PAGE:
• Sharing information with Colombian and Panamanian government authorities, bankers, and merchants. ICG members then sought politicians and bankers in Colombia and Panama, as well as businesspeople in Panama's Colon Free Zone, thus extending their reach farther into the FinCEN network. The ICG’s message has been primarily the same as the one it took to the U.S. banks—“We are all faced with a common problem and here is what we know about it. We will benefit by working together to find solutions.” All of the organizations contacted have responded positively, and additional specialized information-sharing projects are in the works. While these are good improvements, much more effort must be made to combat this money laundering enterprise.
  • Extending the educational endeavor. As previously stated, United States banking community members are evaluating accounts supplied by law enforcement to find the most efficient methods of identifying suspicious behavior similar to money laundering strategies utilized in Colombia's Black Market Peso Exchange System.

What Are the AML Regulations for the BMPE?

The US government responded to Black Market Peso Exchange in 1970 by passing money laundering regulations and establishing a suspicious transaction reporting system. Regulations mandated reporting of cash transactions over $10,000; nevertheless, most banks violated these requirements. The US government increased restrictions and pressed banks to follow the regulations.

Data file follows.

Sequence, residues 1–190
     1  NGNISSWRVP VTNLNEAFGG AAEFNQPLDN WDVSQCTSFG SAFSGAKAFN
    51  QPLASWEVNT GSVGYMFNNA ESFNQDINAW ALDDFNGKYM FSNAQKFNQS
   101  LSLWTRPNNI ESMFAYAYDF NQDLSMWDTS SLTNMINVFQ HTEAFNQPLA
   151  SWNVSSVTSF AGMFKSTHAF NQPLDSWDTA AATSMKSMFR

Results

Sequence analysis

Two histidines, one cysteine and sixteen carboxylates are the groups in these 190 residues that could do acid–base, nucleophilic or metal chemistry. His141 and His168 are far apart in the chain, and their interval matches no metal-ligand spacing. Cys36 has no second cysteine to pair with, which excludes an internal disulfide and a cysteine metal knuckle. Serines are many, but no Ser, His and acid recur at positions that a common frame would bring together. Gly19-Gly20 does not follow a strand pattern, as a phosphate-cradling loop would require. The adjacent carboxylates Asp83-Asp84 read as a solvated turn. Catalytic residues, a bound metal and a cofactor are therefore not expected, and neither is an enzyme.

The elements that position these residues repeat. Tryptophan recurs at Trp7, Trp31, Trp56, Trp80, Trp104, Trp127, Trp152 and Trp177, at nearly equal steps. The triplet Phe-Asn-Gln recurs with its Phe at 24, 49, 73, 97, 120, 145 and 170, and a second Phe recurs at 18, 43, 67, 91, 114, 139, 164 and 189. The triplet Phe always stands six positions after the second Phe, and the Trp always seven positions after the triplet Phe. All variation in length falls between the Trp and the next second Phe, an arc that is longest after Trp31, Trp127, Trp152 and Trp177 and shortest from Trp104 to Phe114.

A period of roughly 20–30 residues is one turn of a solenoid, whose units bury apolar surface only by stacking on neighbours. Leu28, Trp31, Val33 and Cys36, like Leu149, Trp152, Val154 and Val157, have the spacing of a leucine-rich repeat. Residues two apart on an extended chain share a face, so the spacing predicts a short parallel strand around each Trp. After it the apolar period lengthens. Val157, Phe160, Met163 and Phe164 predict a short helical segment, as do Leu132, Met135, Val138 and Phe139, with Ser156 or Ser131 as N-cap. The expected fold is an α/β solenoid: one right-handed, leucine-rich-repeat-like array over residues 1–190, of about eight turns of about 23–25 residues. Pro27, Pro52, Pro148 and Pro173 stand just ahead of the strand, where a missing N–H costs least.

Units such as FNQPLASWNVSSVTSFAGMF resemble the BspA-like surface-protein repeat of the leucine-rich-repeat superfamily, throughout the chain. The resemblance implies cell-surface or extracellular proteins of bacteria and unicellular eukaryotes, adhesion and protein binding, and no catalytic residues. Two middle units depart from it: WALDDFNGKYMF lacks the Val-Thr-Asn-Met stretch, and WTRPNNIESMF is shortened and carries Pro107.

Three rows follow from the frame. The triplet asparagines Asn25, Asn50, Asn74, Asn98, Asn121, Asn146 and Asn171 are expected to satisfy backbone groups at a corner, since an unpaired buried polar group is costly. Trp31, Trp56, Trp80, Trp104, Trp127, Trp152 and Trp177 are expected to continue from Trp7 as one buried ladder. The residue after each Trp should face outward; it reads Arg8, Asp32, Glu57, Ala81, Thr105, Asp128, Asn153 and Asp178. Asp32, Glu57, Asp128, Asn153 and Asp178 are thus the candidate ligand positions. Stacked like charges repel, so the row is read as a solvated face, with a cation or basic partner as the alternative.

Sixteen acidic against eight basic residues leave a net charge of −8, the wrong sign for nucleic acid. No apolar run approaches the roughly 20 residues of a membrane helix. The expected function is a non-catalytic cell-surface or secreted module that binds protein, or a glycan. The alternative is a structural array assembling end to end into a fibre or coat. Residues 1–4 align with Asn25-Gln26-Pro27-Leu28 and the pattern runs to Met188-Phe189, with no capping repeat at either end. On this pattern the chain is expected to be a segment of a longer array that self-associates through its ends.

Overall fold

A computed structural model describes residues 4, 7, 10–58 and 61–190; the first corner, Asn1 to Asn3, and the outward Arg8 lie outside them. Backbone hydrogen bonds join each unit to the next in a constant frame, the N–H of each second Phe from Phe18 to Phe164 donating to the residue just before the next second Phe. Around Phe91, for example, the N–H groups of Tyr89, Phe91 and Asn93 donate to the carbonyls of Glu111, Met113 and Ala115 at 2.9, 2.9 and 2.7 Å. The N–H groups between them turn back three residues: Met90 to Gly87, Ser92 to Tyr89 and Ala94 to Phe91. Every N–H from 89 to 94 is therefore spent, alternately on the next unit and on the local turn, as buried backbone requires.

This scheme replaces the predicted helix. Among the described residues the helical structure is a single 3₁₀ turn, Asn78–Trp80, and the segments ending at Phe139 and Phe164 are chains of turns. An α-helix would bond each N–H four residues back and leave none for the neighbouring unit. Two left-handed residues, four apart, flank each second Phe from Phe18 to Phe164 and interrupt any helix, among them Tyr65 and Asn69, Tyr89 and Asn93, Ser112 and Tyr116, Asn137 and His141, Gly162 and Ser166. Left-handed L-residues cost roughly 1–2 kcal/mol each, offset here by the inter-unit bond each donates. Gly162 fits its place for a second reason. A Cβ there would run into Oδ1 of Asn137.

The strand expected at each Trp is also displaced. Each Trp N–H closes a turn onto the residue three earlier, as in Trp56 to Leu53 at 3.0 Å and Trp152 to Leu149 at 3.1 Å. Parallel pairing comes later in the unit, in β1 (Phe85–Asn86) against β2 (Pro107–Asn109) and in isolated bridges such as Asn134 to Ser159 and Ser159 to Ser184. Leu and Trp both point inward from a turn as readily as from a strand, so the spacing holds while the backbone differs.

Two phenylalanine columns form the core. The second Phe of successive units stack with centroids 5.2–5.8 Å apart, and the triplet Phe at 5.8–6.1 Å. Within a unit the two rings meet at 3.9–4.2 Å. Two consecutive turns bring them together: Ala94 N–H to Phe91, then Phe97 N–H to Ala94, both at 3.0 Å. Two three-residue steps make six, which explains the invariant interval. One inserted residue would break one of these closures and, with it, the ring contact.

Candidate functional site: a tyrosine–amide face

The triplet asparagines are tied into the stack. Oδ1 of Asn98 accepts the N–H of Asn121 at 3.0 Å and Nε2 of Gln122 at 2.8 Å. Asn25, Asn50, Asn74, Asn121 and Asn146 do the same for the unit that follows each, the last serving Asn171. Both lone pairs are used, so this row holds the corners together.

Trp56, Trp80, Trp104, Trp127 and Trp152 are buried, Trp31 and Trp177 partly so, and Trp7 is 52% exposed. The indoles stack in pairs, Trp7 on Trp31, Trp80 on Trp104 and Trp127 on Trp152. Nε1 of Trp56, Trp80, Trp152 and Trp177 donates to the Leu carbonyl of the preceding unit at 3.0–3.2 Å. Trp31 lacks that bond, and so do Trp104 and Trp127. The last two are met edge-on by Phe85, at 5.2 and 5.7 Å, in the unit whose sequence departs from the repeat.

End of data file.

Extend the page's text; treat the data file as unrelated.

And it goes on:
Anti-money laundering reforms were made by the Finance Ministry of the Mexican government.

  • Limits the amount of US cash accepted by Mexican banking institutions.
  • $300 per day/$ 1500 per month for non-bank customers.
  • $4,000 per month for individual bank customers.
  • $14,000 per month for businesses in border or tourism areas.
  • No limit if the business has had an account for three years or more.
  • The purpose is to avoid USD laundering via the Mexican financial institution's system.
  • This new financial regulation is aligned with the Mexican government's policy/strategy for combating organized crime.
  • Certain laws do not prevent deposits of USD in excess of these sums, but they do demand a CTR equivalent in Mexico for such deposits.
  • Money exchangers are likewise subject to regulations, which limit exchanges to $10,000 per day per customer when no banking activity is involved.

As a result of these new laws, US authorities are trying to figure out where the displaced cash will go to be integrated into the US/Mexico financial networks.

Black Market Peso Exchange is one of the most successful money laundering strategies ever devised. As a result, governments and financial institutions throughout the world should make serious efforts to fight it, as money laundering slows economic development.